Consumer Power Report #401
Many in New York’s professional and cultural elite have long supported President Obama’s health care plan. But now, to their surprise, thousands of writers, opera singers, music teachers, photographers, doctors, lawyers and others are learning that their health insurance plans are being canceled and they may have to pay more to get comparable coverage, if they can find it …
It is not lost on many of the professionals that they are exactly the sort of people — liberal, concerned with social justice — who supported the Obama health plan in the first place. Ms. Meinwald, the lawyer, said she was a lifelong Democrat who still supported better health care for all, but had she known what was in store for her, she would have voted for Mitt Romney. It is an uncomfortable position for many members of the creative classes to be in.
“We are the Obama people,” said Camille Sweeney, a New York writer and member of the Authors Guild. Her insurance is being canceled, and she is dismayed that neither her pediatrician nor her general practitioner appears to be on the exchange plans. What to do has become a hot topic on Facebook and at dinner parties frequented by her fellow writers and artists. “I’m for it,” she said. “But what is the reality of it?”
This sort of experience, highlighting the reality of Obamacare, is leading to efforts like this from Ezra Klein to spread the blame for what’s going on.
Republicans have zeroed in on two things that people really will hate about insurance under Obamacare: The high deductibles and the limited networks. … “As consumers dig into the details,” Robert Pear reports in the linked article, “they are finding that the deductibles and other out-of-pocket costs are often much higher than what is typical in employer-sponsored health plans.”
What’s confusing about this line of attack is that high-deductible health-care plans – more commonly known as “health savings accounts” – were, before Obamacare, a core tenet of Republican health-care policy thinking. In fact, one of the major criticisms of Obamacare was that it would somehow kill those plans off. “Obamacare may be fatal for your HSA,” warned the Heritage Foundation on 2010. “Health Savings Accounts Under Attack” blared Red State.” … Now that those high deductibles are here, Republicans have decided that they are, if anything, too high. Just one more broken promise.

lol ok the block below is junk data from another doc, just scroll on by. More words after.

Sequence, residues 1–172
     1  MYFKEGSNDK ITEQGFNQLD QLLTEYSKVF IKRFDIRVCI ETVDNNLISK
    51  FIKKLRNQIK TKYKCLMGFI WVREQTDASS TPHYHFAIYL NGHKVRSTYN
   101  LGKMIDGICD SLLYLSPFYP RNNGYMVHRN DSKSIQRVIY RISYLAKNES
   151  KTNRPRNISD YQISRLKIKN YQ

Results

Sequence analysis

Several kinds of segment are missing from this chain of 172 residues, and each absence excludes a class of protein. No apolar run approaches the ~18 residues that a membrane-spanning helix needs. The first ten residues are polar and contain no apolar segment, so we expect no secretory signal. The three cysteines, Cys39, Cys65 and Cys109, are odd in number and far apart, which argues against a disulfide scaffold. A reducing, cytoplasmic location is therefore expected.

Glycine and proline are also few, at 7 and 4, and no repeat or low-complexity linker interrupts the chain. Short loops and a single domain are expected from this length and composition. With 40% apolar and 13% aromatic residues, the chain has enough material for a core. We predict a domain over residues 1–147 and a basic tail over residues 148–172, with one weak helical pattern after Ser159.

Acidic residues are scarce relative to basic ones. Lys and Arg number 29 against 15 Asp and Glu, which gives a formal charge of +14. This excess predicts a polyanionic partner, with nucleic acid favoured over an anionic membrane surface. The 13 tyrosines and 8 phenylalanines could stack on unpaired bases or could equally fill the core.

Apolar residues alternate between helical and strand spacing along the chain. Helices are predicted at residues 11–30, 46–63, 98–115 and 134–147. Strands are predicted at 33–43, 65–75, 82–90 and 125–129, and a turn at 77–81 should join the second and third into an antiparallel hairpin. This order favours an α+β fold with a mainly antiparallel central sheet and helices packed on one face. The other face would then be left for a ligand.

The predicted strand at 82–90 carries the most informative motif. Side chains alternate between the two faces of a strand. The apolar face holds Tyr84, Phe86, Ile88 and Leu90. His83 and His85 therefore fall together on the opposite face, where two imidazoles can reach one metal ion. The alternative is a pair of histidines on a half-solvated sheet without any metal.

Later in the post, he quotes Avik Roy, who offers a thorough encapsulated response to the whole thing:
Giving consumers the choice of narrower physician networks and higher deductibles, in exchange for lower premiums, is a good thing. … The problem with Obamacare is that people are trading narrower networks and higher deductibles for higher premiums. And that’s because of all the other stuff that Obamacare does to the insurance market.
… but then Ezra just moves on. Of course, suggesting that the Bronze plans available in the exchanges are equivalent to consumer-driven health plans (CDHPs for short = a high deductible plan + an HSA, which are of course not the same thing) is laughable given the regulatory requirements those plans must still abide by. The reason for the right’s skepticism about CDHPs surviving under Obamacare is that the administration has already taken so many steps to undercut them – such as removing the ability to purchase over-the-counter medicine, etc. with them, a pointless little bit of undermining that made them a lot less useful for families during cold season and will make for a lot more wasteful doctor’s visits to get a prescription.
There was an easy opportunity for the admin to gut HSAs through the cost-sharing requirements and the actuarial equivalency threshold. Many high-deductible plans just made the threshold under the feds’ interpretations – some didn’t, and some just got more expensive. The potential for further gutting is still there. HSAs are still under occasional attack, but their popularity – and the popularity of CDHPs – has exploded across the marketplace, for obvious reasons. The problem is if the government takes steps that make the plans too expensive, or pushes insurers to purposefully price the plans in ways that are unattractive to make “comprehensive” coverage look more appealing, which is already happening: “According to the analysis, in almost two-thirds of 2,511 counties covered by the federal exchange, the highest monthly premium quoted for a bronze plan tops the lowest one for a silver plan.”